As a side-note, there’s also a related question; “if they couldn’t add more zebras, couldn’t they at least not make Zecora so blatantly stereotypically African?”  And the answer is “yes, but then they couldn’t make her ‘African’ at all.”  Because there is no Africa (or Europe, for that matter) in Equestria, and there are no black people in Equestria because there are no people in Equestria (fanfiction notwithstanding).  So the only way Zecora can register as “African” in the minds of the audience is to use images, sounds, and speech that Western audiences will associate with sub-Saharan Africa — in other words, to resort to stereotypes.

We see a similar issue with Applejack — there is no “U.S. South” in Equestria, but Applejack is clearly a Southerner (or at least evokes the U.S. South) by virtue of her accent, mannerisms, attire, and so forth — which is another way of saying that she is Southern by stereotype.  And similarly, the only way for Zecora to be evoke sub-Saharan African is through her own accent, mannerisms, attire, etc.  I mean, if we really think about it, if she didn’t have the masks, the rings, the accent, and the shamanist overtones, then how would she be recognizably (to Westerners) “African”?  She really wouldn’t be.  And then “Bridle Gossip” would lose much of its emotional resonance and effectiveness.

But the larger point is this: the real problem with stereotypes in media representation is not the characters we have, it’s the chracters we don’t have.  We shouldn’t work for fewer Barrets, we should work for more Trabers.  We shouldn’t work for fewer Raritys, we should work for more Applejacks and Rainbow Dashes.  And if we’re telling a story — be it a novel, comic, or whatever — we shouldn’t say to ourselves “make sure none of my characters are stereotypes”.  Instead, we should ask “can one (or more) of my major characters be a minority who isn’t a stereotype?  And will that make the story better?” (usually, it will).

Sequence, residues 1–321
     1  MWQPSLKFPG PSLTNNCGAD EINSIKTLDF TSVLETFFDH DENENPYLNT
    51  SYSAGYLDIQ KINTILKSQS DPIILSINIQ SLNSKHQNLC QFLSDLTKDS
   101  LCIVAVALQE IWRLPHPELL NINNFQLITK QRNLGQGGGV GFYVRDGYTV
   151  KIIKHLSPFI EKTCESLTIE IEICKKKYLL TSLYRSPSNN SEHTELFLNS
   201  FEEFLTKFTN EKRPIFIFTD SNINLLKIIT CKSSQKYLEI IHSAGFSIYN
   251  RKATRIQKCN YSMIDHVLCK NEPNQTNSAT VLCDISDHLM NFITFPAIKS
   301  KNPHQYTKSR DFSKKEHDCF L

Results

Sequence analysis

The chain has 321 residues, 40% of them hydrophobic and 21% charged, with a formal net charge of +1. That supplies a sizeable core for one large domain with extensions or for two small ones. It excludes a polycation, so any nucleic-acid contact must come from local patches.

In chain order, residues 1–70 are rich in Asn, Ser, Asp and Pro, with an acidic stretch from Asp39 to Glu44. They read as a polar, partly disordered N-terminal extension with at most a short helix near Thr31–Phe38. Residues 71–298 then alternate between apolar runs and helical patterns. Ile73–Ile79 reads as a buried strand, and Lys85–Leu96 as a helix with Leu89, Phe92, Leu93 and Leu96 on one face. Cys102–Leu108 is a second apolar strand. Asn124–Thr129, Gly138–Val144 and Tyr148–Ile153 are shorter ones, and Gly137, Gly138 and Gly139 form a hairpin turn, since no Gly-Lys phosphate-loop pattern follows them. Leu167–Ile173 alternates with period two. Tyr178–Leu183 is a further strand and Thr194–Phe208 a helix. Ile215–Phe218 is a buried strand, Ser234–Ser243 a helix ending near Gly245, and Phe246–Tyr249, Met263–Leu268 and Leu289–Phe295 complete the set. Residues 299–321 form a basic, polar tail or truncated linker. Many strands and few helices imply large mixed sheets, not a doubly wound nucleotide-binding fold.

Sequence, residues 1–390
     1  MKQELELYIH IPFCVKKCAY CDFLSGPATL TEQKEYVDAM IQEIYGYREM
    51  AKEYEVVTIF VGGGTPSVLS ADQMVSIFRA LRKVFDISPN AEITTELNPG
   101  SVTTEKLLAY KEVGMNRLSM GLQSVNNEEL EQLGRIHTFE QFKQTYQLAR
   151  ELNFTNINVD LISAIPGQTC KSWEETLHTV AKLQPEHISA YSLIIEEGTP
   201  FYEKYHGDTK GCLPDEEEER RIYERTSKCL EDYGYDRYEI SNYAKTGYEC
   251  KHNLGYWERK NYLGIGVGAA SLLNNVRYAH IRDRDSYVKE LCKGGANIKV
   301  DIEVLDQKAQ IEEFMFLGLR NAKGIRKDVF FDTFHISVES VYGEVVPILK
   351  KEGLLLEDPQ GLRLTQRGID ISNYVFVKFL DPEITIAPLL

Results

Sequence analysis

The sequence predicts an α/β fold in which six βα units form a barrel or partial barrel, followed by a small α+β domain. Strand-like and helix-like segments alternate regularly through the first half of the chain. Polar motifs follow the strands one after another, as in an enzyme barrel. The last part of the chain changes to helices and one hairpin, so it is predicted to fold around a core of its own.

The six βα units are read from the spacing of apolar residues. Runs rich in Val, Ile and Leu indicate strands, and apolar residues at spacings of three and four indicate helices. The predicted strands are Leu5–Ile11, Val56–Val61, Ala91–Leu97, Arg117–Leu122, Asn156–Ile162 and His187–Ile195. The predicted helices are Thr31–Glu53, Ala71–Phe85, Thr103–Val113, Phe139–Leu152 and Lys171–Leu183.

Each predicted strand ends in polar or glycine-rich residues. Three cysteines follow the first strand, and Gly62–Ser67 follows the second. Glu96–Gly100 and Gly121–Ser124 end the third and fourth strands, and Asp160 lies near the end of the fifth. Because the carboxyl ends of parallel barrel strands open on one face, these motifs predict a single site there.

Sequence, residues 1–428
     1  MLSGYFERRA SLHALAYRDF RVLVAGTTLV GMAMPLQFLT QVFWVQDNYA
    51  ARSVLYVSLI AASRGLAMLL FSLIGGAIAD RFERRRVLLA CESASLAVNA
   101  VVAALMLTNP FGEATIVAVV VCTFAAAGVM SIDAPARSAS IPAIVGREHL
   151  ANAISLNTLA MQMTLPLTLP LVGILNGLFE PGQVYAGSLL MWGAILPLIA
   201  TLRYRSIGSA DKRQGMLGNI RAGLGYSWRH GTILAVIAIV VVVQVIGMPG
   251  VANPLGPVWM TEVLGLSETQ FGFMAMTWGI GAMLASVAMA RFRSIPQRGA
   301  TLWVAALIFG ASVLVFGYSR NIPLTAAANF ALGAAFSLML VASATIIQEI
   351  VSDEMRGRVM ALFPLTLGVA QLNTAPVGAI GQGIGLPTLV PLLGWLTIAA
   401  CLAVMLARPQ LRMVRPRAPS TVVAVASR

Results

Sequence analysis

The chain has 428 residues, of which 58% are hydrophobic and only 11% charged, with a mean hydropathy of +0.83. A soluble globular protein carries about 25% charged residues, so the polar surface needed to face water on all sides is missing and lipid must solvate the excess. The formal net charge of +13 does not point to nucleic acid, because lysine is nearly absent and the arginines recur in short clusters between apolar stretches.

As a general rule, if we say “not you, but instead you” in a social justice context, we are probably Doing It Wrong(TM).  We should be saying “yes you, and also you.”

And yes, Zecora is still best miscellaneous equine.

This entry was posted in Analysis and tagged , , , . Bookmark the permalink.

4 Responses to In defense of Zecora: stereotypes as a problem of absence, not presence

  1. Pingback: In Defense of Zecora: Stereotypes as a problem of absence, not presence | MLP Analysis

  2. Pingback: Playing against (stereo)type: Applejack the straight-mare | The Pony's Litterbox

  3. Pingback: How analysis can improve the fandom: a response to Tommy Oliver | The Pony's Litterbox

  4. Pingback: Spike and the challenge of adolescent characters | The Pony's Litterbox

Leave a Reply

Fill in your details below or click an icon to log in: Logo

You are commenting using your account. Log Out /  Change )

Google+ photo

You are commenting using your Google+ account. Log Out /  Change )

Twitter picture

You are commenting using your Twitter account. Log Out /  Change )

Facebook photo

You are commenting using your Facebook account. Log Out /  Change )

Connecting to %s